Music and Sadness

Writing music always brings great satisfaction, but also sadness.

This is a time in nation that adulates only celebrity and greed: vanity and avarice, two of the seven Mortal Sins. Any act that does not gratify one, or the other, or both, is deemed a failure.

The music I write will achieve success in neither. It is a dead style — popular, in its way, two centuries ago, though I suspect it was ever truly appreciated by only a few even then. For most, the concert-hall was a venue in which to see and be seen, a mark (or affectation) of status. The music, the opera, the play — a trifle, of no consequence. Of consequence was which mistress the Marquis had on his arm that night, and whether he noticed the mistress on yours.

I have always been different. I grew up on Tchaikowsky, Rachmaninoff, Beethoven, Brahms, Mozart, Haydn, Bach. I listened to a few bands in my teens — the Monkeys were big back then, I recall. In the years since, I’ve performed the Tchaikowsky, Rachmaninoff, Beethoven, Brahms, Mozart, Haydn, and Bach I listened to as a child. I sat in the middle of a 200-piece orchestra, playing the fourth movement of Brahms’ First Symphony in high school — the sound so rich and full that it brought tears to my eyes. I remember the first time, as a thirteen-year-old student at a music camp, that they threw Beethoven at us to sight-read: not the “junior high” abridged version, but the actual notes that you hear on a recording by the Berlin Philharmonic. I remember flubbing a grand pause in concert while playing Sibelius, and suffering the withering glare of the conductor. I remember standing in the Paris Metro amidst a group of fellow-students who spontaneously began to hum Mozart’s coronation mass. Strauss waltzes. Dvorak. The Rutter Requiem. Stravinsky’s Firebird. So many memories.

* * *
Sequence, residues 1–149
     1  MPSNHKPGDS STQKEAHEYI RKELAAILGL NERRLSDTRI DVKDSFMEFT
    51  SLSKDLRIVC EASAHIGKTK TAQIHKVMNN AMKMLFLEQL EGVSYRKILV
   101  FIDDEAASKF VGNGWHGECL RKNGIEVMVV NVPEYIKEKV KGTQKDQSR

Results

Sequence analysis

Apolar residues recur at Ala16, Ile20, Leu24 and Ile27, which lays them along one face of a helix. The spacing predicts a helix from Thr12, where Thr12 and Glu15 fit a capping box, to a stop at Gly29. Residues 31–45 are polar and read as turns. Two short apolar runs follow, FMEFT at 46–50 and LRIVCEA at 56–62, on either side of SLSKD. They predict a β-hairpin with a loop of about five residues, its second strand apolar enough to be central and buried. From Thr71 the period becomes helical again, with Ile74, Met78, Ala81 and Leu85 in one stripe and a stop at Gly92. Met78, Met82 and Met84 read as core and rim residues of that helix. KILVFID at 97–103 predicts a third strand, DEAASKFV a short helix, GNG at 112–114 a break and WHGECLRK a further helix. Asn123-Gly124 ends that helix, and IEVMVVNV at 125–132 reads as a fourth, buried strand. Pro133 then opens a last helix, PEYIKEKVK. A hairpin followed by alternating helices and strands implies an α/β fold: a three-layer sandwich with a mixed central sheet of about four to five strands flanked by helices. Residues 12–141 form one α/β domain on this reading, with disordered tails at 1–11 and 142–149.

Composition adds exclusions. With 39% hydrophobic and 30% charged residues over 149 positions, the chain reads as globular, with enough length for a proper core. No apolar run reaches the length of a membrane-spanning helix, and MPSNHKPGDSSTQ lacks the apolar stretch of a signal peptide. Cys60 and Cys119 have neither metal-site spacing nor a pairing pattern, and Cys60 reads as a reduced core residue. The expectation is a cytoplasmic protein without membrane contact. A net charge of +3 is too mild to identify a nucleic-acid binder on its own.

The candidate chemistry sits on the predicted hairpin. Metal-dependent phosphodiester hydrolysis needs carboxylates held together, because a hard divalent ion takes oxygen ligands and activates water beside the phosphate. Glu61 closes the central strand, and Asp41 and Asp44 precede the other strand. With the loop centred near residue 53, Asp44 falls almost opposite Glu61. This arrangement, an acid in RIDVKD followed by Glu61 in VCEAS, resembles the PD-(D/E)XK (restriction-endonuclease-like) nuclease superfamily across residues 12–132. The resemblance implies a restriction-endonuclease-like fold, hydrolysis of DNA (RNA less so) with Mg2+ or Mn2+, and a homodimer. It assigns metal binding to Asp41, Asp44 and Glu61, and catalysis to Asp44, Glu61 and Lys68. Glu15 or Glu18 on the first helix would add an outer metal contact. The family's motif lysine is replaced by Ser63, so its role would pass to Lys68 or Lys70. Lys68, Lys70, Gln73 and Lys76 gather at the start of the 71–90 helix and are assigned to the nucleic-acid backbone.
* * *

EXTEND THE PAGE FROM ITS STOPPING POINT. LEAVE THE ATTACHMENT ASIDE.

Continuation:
I cannot listen to Lady Gaga. She has some interesting musical phrases from time to time, and of course the best production quality that money can buy, and an advertising budget that could sell her belch as music. But compared to the second movement of Beethoven’s famous Seventh, the one that nearly brought the concert hall down with the foot-stomping demand to hear it again? Compared to the pure delight of Smetana’s Die Moldau? Compared to the heart-rending beauty of the Lachrimosa from Mozart’s Requiem Mass? Or Albinioni’s Adagio, which has figured in so many movie scores?

This is the music that moves my soul. This is the music that sings in my blood.

This is the music that I hear in my head when I write.

But I recognize that it is a dead style that will never satisfy the requirements of either vanity or greed. No one will make money on it, because there is no mass market for it. No one gains prestige from listening to it, or pretending to listen to it. So the sad part for me is that it is simply lost in all the noise of humanity skittering about twitching to Lady Gaga this week, someone else next week, and Muzak-corrupted versions of the truly great works piped into elevators and shopping malls, backed by a drum machine.